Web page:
The U.S. power grid, for example, is worth an estimated $876 billion but uses technology dating back to the 1960s and 70s. It’s not hard, therefore, to understand why reliability is declining as both population and gross domestic product (GDP) increase, placing greater demand on that network. With hundreds of billions of dollars needed to modernize the network, however, the task is easier said than done.

For that reason, sustainable power is becoming more important. Massive capital investment isn’t feasible for most, however, improving the sustainability of power generation sources is an achievable goal. Indeed, more sustainable power may be the key to the modern power quality mix, both in terms of clean, environmentally-friendly electricity, as well as a modern infrastructure that is fit for the future.

The recent Paris climate agreement called for more sustainable sources of power generation, too.

Renewable energy has one conspicuous fault-reliability, or lack thereof. In its attempt to cut greenhouse emissions, the global utility industry will continue to invest in renewable sources of power. Intermittency, however, decreases reliability considerably. Effective contingency plans, therefore, must be in place to fill the gap wherever energy supply is reliant on renewable energy. Protecting reliability and fostering sustainability is a priority for achieving power quality.

Voltage Levels and Efficiency

Adopting innovative technologies and energy strategies that help avoid uneconomical redundancies and reduce fuel consumption and costs or both, would create a more efficient power mix globally. Updating aging infrastructure, once again, comes hand in hand with achieving this.

Old and poorly maintained transmission lines are not only less reliable, but they become less efficient as they wear out. Utilities face huge costs in reducing the negative impact this aging, poor quality infrastructure has on capacity levels. Some of those costs come from maintaining the network, as well as having to generating excessive levels of power to meet demand. These issues can lead to additional costs associated with power disruptions. These expenses are unsustainable on a global scale.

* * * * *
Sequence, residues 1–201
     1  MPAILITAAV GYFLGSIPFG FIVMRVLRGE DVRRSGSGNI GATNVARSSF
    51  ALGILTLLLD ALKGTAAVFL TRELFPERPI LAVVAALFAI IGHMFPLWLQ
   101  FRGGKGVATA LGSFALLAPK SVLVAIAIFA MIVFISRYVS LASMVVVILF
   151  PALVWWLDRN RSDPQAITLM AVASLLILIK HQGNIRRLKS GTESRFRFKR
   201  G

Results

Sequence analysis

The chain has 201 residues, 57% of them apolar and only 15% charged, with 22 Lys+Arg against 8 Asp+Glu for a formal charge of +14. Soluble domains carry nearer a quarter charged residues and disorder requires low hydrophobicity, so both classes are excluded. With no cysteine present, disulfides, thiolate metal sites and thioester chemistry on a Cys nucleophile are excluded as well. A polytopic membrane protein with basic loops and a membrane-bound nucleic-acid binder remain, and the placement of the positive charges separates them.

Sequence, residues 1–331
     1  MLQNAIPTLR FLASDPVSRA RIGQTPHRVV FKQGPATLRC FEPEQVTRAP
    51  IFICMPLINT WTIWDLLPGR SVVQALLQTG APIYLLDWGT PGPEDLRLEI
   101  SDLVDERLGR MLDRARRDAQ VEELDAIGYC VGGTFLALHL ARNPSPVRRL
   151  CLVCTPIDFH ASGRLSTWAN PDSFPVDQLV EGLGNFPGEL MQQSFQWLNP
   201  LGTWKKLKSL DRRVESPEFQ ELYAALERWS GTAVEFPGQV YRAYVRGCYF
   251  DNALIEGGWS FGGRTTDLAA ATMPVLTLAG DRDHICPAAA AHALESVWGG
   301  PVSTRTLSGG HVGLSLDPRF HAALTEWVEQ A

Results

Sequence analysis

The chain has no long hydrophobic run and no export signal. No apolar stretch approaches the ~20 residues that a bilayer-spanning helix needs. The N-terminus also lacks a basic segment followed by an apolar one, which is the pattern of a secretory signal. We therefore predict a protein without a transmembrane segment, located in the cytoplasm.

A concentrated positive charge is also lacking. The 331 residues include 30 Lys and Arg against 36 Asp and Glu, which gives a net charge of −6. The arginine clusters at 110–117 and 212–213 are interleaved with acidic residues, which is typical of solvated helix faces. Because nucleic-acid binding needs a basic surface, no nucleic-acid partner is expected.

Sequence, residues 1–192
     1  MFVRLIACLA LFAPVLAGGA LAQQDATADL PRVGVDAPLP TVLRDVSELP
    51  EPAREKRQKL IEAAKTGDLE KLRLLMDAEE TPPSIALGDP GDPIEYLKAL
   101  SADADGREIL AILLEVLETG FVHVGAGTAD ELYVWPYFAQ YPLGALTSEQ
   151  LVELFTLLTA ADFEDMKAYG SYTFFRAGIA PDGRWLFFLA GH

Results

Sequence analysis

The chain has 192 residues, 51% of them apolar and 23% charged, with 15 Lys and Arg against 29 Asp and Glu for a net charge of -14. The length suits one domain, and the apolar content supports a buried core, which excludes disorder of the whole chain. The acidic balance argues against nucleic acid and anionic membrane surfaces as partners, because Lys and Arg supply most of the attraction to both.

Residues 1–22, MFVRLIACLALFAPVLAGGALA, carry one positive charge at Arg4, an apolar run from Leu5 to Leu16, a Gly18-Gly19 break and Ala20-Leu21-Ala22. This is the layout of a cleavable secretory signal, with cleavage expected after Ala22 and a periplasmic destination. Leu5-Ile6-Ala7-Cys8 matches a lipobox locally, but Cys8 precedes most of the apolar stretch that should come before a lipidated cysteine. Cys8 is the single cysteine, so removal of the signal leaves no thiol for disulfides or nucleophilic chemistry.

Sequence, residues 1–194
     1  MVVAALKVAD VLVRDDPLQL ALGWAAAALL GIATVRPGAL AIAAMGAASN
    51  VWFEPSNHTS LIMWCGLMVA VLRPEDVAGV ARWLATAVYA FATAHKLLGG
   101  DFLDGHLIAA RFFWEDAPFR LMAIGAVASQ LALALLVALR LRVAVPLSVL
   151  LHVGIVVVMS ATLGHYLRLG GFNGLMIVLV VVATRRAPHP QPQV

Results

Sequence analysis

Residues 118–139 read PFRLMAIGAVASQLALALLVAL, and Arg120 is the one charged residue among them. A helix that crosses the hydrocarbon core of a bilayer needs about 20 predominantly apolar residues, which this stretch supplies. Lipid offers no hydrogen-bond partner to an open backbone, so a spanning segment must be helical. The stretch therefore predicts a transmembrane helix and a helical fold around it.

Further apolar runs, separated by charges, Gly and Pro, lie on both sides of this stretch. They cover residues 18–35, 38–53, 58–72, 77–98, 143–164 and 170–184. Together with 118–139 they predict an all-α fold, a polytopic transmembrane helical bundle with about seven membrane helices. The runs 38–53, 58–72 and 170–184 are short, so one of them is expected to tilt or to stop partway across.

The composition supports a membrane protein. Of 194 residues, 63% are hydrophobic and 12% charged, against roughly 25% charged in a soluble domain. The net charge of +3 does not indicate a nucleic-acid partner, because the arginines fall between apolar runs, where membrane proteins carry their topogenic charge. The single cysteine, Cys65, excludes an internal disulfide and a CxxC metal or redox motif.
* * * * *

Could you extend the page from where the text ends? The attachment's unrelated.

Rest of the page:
Reduced voltage levels not only increase costs for end users, but can also limit the productivity of energy-intensive industries. Ensuring power generation and transmission infrastructure is efficient and maintaining output voltage levels contributes considerably to the power quality mix.

A Solution?

These individual factors will continue to be a challenge for governments and utilities worldwide. They all play a role in whether high levels of power quality can be achieved. They all contribute to the mix.

While it can be difficult to create a universal definition of power quality, pinpointing the many challenges to overcome in a holistic way could be a first step toward addressing power inequality and its impact. By being mindful of end users and their ever changing needs, the global utility industry can set realistic standards that will have a more valuable impact on improving services.

Matthew Bell is head of strategic account development at Aggreko Southern Africa.

Previous articleThe 5 Analytics-Enabled Engagement Strategies for Commercial Customers That Matter Most
Next articleBaltimore Gas & Electric celebrating bicentennial this year

No posts to display